Vail Resorts combats weak first half of winter with acquisitions, higher lift ticket prices

It took a while for the snow to fall, but when the flakes finally returned this holiday season, Vail Resorts was able to profit in its fiscal second quarter 2013 with increased visitation, higher lift ticket prices and new acquisitions, despite lower lodging revenues.

It took a while for the snow to fall, but when the flakes finally returned this holiday season, Vail Resorts (NYSE: MTN) was able to profit in its fiscal second quarter 2013 (ended Jan. 31) with increased visitation, higher lift ticket prices and new acquisitions, despite lower lodging revenues.

The Colorado-based ski resort company (including Vail, Breckenridge, Keystone, Beaver Creek in Colorado and Heavenly and Northstar resorts in California and Nevada) reported its fiscal second quarter revenue up 13.2 percent to $422.5 million, compared to a year ago. Net income came in at $60.6 million versus $46.4 million a year ago.

Those figures are somewhat inflated, however, as they include Vail’s recent acquisitions of Kirkwood (California/Nevada), Afton Alps (Minnesota) and Mt. Brighton (Michigan) resorts, along with European ski website SkiInfo. The company’s only segment not to benefit from the acquisitions this latest quarter was lodging sales, which fell 3.6 percent.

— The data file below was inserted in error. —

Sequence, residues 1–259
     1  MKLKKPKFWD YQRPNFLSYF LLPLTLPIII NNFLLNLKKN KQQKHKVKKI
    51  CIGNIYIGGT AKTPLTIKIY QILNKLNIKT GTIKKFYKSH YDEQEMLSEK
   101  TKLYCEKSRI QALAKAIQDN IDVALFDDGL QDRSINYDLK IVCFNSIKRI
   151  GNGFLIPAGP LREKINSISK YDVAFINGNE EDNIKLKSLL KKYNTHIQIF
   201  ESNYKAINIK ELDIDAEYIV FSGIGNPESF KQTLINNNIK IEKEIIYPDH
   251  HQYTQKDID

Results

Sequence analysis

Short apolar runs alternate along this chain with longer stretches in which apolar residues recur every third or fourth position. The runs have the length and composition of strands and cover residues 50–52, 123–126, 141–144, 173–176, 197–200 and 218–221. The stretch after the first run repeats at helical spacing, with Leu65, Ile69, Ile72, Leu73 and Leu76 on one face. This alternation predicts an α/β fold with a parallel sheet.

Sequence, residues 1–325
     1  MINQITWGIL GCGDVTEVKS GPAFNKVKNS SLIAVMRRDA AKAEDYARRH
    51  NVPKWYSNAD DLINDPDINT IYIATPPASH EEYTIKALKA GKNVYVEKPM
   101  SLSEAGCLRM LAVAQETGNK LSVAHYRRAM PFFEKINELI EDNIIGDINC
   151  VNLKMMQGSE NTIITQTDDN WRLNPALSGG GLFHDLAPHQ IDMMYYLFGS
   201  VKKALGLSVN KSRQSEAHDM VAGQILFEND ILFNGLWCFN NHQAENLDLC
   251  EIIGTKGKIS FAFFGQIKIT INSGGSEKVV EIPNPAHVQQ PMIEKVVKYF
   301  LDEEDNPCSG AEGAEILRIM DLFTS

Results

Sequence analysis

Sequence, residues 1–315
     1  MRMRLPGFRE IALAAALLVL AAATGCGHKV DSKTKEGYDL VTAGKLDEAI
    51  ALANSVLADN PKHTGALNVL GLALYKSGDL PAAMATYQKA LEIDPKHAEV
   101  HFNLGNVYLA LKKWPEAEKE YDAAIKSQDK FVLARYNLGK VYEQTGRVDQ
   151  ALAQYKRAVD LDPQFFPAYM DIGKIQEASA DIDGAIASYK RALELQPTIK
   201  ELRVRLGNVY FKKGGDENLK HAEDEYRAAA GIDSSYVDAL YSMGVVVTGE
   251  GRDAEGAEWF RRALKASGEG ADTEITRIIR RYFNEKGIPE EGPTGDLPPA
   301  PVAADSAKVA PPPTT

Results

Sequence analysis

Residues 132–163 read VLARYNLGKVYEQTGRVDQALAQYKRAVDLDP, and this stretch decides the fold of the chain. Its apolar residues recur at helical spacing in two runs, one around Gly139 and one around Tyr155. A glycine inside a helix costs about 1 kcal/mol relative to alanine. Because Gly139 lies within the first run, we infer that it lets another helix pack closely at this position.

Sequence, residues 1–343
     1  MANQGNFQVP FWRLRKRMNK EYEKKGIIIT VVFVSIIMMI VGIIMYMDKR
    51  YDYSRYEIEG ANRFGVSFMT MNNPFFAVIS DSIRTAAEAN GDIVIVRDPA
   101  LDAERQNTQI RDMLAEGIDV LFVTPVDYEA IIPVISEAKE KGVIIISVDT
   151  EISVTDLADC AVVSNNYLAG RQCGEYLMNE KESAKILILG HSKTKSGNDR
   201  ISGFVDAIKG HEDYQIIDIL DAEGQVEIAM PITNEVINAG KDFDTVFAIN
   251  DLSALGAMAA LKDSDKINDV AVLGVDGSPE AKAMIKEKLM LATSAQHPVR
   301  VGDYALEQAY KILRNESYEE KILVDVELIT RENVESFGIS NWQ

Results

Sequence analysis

Company officials did not release total revenue figures excluding those acquisitions — only doing so for certain segments — creating a challenged complete comparison for investors.

Vail’s total mountain revenue, including the acquisitions, rose 14.5 percent to $361.7 million during the quarter. Excluding the acquisitions, mountain revenue rose 9.5 percent to $346 million.

The biggest gain in mountain revenue came from lift ticket revenue, which rose 17.9 percent with the acquisitions and 11.9 percent without. Effective (average) ticket prices rose 3 percent with the acquisitions, 7 percent without. Season pass revenue increased 9.9 percent with the acquisitions, but officials did not release season pass figures minus the acquisitions.

Company officials, who earlier reduced their exceptions due to the weak first half of winter, kept their forecast steady moving ahead, and were upbeat with improved snow conditions continuing into the second half of the winter season throughout much of the country.

Click here to see Vail's fiscal second quarter earnings report, released after the market closed, March 6, 2013.

--David Clucas



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